In my yoga training, the yamas + niyamas were pared down to single (or hyphenated) word definitions. This is great for starting to understand the 8 Limbed Yoga Path, but for more fully comprehending this journey, it's important to dive deeper. For me, finding ways in which to apply these concepts into my daily life is most helpful.
I'll be jumping around over the next few months between the yamas + niyamas, and this week I'm taking a look at the niyama: aparigraha.
As this is the week of Thanksgiving, for some of us a time filled with family, friends, and food, this particular week might feel strange. For some, myself included, this week could be looking like staying home and figuring out how to make Thanksgiving food for yourself. Personally, the week has been quite challenging, coming to terms that staying home is the safest option is a hard decision to make. Although it could improve our chances of being able to go home over the Christmas holiday. While the emotions we may be currently experiencing are deep and painful I've actually found comfort in remembering that the moment is, in the grand scheme of things, fleeting.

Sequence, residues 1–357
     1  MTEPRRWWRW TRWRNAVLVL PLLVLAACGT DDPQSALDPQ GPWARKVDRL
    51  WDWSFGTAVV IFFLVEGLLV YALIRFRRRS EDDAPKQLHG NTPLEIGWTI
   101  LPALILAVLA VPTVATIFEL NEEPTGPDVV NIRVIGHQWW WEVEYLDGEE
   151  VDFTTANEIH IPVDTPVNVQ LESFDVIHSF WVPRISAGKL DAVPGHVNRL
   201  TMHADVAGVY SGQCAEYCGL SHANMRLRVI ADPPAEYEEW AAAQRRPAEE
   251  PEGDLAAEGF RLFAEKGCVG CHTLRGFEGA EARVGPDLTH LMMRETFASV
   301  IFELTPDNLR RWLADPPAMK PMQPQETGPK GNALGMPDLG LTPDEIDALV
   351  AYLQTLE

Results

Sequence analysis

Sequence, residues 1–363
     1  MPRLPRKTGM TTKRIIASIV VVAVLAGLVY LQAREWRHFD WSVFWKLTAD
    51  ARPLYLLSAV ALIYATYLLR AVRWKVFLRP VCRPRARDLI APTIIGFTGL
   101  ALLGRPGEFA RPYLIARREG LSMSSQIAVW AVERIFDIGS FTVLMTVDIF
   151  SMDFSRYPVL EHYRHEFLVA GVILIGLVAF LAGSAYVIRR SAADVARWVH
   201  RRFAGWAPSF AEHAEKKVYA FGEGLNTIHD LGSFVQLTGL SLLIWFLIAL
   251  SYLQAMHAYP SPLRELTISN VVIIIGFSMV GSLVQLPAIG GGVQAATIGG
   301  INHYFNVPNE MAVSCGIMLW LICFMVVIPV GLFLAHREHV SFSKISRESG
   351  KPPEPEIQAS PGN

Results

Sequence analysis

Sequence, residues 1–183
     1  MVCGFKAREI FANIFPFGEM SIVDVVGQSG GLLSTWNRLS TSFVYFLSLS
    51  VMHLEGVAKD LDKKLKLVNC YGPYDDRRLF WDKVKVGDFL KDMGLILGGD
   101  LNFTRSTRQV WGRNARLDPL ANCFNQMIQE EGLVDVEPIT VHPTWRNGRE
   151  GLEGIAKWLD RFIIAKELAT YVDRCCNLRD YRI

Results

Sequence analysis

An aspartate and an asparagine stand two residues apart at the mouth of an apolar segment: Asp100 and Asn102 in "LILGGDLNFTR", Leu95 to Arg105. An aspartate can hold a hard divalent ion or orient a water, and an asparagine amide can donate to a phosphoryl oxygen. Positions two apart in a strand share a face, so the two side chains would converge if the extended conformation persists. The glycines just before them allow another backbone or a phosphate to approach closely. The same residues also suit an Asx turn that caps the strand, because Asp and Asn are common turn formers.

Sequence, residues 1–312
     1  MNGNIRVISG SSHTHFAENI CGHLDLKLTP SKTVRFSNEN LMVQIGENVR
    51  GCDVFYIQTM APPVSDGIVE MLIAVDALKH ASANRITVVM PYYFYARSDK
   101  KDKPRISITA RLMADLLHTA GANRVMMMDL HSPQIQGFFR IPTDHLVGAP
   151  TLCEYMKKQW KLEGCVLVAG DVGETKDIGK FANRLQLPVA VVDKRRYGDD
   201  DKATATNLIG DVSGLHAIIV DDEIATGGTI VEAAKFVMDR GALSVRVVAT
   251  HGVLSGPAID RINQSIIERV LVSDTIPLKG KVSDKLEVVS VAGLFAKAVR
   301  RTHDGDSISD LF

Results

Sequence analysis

How is this related to our yama: aparigraha for the week? In a typical yoga class you probably hear this observance defined as "non-attachment." Or as the famous words of a Frozen song remind us to let it go.
Actually, if I really think about it, these lyrics might ring a little closer:
Ask anybody why we livin' fast and we laugh, reach for a flask We have to make this moment last, that's plenty
Scratch that this is not a moment, it's the movement
Am I/are we holding onto past moments of glory, achievement, or family fun, rushing through the present seeking to feel the same sensation once more? Within aparigraha, I'm reminded that nothing stays the same and holding onto past moments or sensations prohibits new ones from being experienced and felt. Quite literally, just as with material objects, letting go makes space for the new.
So find that comfortable seat, take a deep inhale breath. Pause. Let that air swirl through your lungs and course throughout your body. And exhale. Make space for the next surge of breath, the next moment, a new sensation.